Bellingham restaurateurs prepare to open cafe in challenging location

The Whatcom Museum’s Board of Directors has had a hard time keeping a tenant in the tiny cafe in the Lightcatcher Building at 250 Flora St., home to the Family Interactive Gallery. Three restaurants opened and closed inside the 600-square-foot space in the Arts District in the last six years.

Despite the space’s history, the board has high hopes for its new tenant—a cafe and wine bar operated by local entrepreneurs with successful ventures on their resumes.

Jeff Wicklund, who opened Purple Smile Wines in Fairhaven in 2005, will open Artifacts Cafe & Wine Bar on Nov. 17. Wicklund and the rest of the ownership team think versatility will make the space work—Artifacts isn’t just a cafe and wine bar, but a home base for Wicklund’s well-established wine club and a space for private events and parties.

The museum board was impressed by Wicklund—who is known as “Wick” to friends and associates—said Christina Claassen, marketing and public relations manager for the museum.

“It’s certainly a challenging space,” Claassen said. “Because Wick already is known in the community and has had success with Purple Smile and his son has the Real McCoy, people were favorable to his proposal.”

Wicklund’s son, Brandon Wicklund, owns The Real McCoy Home Bar & Kitchen two blocks west of Artifacts at 114 Prospect St. Brandon Wicklund is a partner in the business, and the Real McCoy kitchen will serve as a commissary kitchen for Artifacts. Other partners in the business are Jim McClure and Lisa Michelle-Thomson.

Wicklund closed Purple Smile Wines in 2014 after rent increased, but still runs the wine club that was the foundation of Purple Smile. He has been looking for a new space since Purple Smile Wines closed.

Past businesses in the museum space struggled with its size, Claassen said. It’s small kitchen almost necessitates having an off-site kitchen for food preparation.

A cafe called Twofiftyflora left the space late last year. Owner Arlene Mantha still operates Twofiftyflora out of a commissary kitchen on Railroad Street, but is now focusing on catering and wholesale baking, she said.

“The space is gorgeous and we loved being there but it did not have a suitable kitchen to support our growing catering and baking,” she said in an email. “We had to get an additional commissary kitchen and it was a lot of back and forth.”

Other recent restaurants in the space included Cheese Meat(s) Beer and the Light Catcher Cafe.

In addition to the versatility and connections that Wicklund hopes will make Artifacts thrive, he thinks he has a different philosophy than previous tenants, he said.

“A business shouldn’t rely on museum traffic, they should be bringing business to the museum,” he said. “It’s very symbiotic. There isn’t a really cool museum in the world that doesn’t have a wine bar.”

Wicklund is a “cork dork” who started working with wine in 1996 when he opened a Snohomish County wine shop called Wicked Cellars.  Nine years later, he moved to Bellingham to open Purple Smile Wines.

At Purple Smile Wines, Wicklund’s wine club accounted for about 75 percent of revenue, he said. He hopes the club will be similarly important at Artifacts.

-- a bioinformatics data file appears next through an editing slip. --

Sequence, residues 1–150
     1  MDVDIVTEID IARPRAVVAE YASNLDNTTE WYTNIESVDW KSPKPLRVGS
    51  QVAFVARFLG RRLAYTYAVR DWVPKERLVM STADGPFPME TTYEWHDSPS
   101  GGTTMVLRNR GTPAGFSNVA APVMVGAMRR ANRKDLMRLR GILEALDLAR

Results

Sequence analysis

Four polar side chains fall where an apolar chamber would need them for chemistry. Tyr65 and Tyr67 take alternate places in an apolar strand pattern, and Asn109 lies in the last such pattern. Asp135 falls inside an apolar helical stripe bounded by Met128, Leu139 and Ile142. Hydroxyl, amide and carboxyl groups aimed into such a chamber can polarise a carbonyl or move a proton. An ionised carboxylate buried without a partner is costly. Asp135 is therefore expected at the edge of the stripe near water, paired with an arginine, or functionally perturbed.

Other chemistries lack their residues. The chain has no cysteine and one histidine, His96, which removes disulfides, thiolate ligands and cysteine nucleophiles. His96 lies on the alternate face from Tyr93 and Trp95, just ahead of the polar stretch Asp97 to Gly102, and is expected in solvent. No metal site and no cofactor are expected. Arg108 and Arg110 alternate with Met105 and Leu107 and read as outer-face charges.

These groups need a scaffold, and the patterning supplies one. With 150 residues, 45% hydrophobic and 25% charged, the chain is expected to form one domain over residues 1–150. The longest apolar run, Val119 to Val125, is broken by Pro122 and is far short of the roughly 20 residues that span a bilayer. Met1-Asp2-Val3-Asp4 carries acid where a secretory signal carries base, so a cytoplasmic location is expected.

Wicklund picks several wines a months from around the world for his wine club members. At monthly wine pick-up nights, Wicklund holds wine tastings and members compare notes on their favorite bottles.

“They want to be immersed in the world of wine and they want someone to be the tour guide,” he said. “I‘ve devoted a big chunk of my life to that pursuit.”

At it’s peak, Wicklund’s club had about 500 members. After closing Purple Smile Wines, Wicklund continued his wine club under the name Wicked Wine and Supper Club. He is currently rebuilding membership and has about 40 members, he said.

Artifacts’ menu has an emphasis on convenience and items that can be taken to go, a concept that’s well-known to chef Lisa Michelle-Thomson. Thomson helped open Peqish, a fresh made grab-and-go food business in downtown Vancouver, B.C., in 2014. The store’s pre-packaged food had a twist—it’s handmade with an emphasis on fresh ingredients.

The Artifacts staff will serve most menu items in Mason jars, which the menu refers to as “pots.” They will serve hot pots such as ziti and cheese, and beef and bean chili; soup pots, including spicy Asian pork vegetable soup; as well as sweet pots, nibble pots and salad pots. Artifacts’ website calls this system user-friendly, eco-friendly and low waste.

The cafe, which is furnished with wine racks reaching toward a tall ceiling and long tables looking out over the building’s courtyard, can seat 17. Space in the Lightcatcher Building’s courtyard and on the sidewalk on Grand Avenue more than doubles the inside seating.

The Lightcatcher Building’s namesake 37-foot-tall glass wall wraps around the cafe’s courtyard seating. Wicklund looks forward to introducing customers to the light catching wall and the unique space, he said.

“It’s a grossly under-appreciated and underused facility,” he said. “It’s beautifully done.”

Artifacts will be open from “10 a.m. until close” Tuesday through Saturday, and noon to five on Sunday, Wicklund said.

Oliver Lazenby, associate editor of The Bellingham Business Journal, can be reached at 360-647-8805, Ext. 5052, or


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